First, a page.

In my opinion, safaris are the best way to see elephants, as you’ll be able to observe them in the wild. Seeing them thrive in their natural habitat is just so rewarding. A few destinations where you can go on a safari to see elephants include:

  • Minneriya National Park, Sri Lanka
  • Chobe National Park, Botswana
  • Amboseli National Park, Kenya
  • Addo Elephant National Park, South Africa
  • Hwange National Park, Zimbabwe

Check out this list of ethical elephant experiences around the world, which include sanctuaries, volunteer programmes and safaris.

How do I know the elephant tourism I’m seeing really is ethical?

Sadly, many elephant camps have seen the success of elephant sanctuaries and have jumped on the bandwagon without actually enforcing these ethics. I’ve heard many stories from fellow travellers where they’ve paid for a visit to an “elephant sanctuary” only to find that they are in chains and definitely aren’t treated well at all. Don’t be fooled by companies who use words like “sanctuary,” “rescue” or “ethical” in their name — the name doesn’t always mean anything in this industry.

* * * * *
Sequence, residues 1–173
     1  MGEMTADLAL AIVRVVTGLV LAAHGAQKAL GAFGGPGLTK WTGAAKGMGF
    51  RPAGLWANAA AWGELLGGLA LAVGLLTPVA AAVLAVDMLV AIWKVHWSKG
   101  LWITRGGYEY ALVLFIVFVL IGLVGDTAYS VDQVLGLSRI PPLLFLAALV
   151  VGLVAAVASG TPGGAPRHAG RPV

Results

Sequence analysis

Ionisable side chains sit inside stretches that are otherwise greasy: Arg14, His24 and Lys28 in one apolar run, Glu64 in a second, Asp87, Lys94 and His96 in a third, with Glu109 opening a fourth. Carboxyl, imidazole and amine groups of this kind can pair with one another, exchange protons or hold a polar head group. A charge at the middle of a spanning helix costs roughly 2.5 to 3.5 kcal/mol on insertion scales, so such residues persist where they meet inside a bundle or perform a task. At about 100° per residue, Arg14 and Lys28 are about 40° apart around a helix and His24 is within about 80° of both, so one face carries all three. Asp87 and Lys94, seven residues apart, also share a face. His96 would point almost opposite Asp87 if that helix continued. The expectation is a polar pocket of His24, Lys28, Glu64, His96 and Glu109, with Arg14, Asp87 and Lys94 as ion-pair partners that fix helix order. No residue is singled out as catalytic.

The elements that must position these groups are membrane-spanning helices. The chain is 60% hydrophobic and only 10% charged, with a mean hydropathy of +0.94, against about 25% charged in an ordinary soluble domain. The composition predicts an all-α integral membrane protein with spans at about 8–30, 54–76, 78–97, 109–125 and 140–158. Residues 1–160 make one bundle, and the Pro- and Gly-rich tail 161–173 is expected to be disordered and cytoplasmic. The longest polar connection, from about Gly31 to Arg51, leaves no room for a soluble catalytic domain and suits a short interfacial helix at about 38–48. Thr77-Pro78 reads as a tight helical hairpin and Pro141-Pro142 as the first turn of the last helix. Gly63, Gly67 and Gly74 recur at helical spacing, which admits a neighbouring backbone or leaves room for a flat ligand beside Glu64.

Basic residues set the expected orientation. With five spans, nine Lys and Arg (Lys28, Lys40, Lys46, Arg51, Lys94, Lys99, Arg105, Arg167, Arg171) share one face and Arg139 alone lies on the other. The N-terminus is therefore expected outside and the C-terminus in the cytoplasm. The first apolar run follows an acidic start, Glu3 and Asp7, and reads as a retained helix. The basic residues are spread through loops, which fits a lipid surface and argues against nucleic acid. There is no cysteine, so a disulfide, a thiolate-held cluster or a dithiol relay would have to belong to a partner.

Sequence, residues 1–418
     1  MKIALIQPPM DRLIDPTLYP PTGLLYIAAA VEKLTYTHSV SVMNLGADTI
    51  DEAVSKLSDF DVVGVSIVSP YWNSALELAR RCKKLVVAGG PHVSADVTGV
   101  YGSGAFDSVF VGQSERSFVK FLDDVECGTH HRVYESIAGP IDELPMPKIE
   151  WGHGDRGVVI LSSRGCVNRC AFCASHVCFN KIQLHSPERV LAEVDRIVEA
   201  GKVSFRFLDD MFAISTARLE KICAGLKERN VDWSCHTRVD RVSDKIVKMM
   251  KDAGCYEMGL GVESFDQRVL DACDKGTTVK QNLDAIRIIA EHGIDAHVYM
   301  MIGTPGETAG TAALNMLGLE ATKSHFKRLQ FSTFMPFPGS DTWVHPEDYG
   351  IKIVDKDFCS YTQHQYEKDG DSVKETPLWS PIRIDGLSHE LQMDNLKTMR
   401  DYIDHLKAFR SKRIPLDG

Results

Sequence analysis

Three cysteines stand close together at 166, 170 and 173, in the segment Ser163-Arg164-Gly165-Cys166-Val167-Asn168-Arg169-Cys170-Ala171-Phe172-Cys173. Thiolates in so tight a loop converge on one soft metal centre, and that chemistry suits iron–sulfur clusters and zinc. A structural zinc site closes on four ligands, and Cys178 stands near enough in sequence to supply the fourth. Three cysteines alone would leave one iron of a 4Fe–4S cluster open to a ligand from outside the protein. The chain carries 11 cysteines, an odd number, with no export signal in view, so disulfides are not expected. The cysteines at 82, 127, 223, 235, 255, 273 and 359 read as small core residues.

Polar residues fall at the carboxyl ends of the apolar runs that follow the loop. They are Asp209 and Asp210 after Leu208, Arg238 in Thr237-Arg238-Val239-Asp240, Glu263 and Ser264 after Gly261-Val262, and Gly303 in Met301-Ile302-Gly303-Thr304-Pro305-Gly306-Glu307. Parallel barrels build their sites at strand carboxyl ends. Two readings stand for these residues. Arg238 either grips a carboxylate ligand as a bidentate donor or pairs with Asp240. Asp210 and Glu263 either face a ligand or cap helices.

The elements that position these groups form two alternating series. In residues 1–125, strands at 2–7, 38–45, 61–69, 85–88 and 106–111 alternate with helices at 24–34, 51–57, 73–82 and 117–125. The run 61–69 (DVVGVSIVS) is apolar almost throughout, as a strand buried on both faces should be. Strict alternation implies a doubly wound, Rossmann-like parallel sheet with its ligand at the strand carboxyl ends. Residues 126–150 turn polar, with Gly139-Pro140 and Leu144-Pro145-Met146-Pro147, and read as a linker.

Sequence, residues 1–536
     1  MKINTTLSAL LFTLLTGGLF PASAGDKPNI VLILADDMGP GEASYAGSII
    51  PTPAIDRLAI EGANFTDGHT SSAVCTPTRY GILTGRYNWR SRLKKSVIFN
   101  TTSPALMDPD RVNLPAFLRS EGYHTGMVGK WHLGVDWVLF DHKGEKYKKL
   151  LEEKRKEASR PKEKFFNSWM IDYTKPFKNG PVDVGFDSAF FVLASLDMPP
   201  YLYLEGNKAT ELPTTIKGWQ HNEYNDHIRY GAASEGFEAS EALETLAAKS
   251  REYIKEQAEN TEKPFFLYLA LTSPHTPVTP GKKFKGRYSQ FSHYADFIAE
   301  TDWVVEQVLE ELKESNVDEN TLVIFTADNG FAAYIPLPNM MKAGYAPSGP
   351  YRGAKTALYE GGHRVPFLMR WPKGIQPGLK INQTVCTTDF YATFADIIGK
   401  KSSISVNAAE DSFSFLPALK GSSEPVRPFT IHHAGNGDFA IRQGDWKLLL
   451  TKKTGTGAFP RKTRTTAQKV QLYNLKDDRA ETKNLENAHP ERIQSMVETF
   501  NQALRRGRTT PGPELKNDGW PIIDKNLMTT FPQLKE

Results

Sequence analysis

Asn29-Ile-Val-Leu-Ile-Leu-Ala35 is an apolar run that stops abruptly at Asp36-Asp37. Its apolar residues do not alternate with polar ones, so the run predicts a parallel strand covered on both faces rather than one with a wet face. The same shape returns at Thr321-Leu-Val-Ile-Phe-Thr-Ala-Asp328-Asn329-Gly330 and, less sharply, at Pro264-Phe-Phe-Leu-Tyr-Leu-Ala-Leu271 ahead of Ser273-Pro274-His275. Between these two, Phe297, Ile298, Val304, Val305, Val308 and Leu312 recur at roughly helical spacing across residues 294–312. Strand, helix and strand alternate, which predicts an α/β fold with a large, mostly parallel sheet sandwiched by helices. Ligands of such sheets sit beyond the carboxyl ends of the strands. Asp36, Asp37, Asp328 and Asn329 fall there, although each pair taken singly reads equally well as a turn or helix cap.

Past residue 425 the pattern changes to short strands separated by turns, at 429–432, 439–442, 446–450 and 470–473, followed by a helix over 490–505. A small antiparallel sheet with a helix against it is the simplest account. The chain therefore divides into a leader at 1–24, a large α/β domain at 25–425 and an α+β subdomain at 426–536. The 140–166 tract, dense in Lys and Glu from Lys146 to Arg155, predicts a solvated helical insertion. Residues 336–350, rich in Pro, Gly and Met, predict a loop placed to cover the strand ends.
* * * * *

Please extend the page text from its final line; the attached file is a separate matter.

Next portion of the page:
If upon arrival at a “sanctuary”, you find that elephants are being kept in chains, forced to work excessively, have little food, water and shade, have obviously human-inflicted wounds, or swing their legs (a behaviour that isn’t seen in wild elephants, indicating stress/boredom) you should reconsider the sincerity of the sanctuary.

You can visit World Animal Protection to check for reputable elephant venues across Asia which have been verified as ethical. These places restrict contact with elephants, encouraging you to observe rather than touch them. You’ll likely learn lots about the elephants and how they’re cared for, as well as have the opportunity to help prepare their food.

Thank you for reading! If you found this post useful, I’d be grateful if you would consider using the affiliate links below when planning your travels. I’ll make a small commission at no extra cost to you. This will help me to keep this blog running. Thanks for your support – Lauren.

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  1. How could you leave Kruger National Park in South Africa as a place to see elephants in the wild. When I visited there in 2018 we saw many large herds of elephants (including babies) and a few solitary males as well.

    1. Hi Kathy, there are loads of great places to see elephants in the wild! I cannot include all of them 😊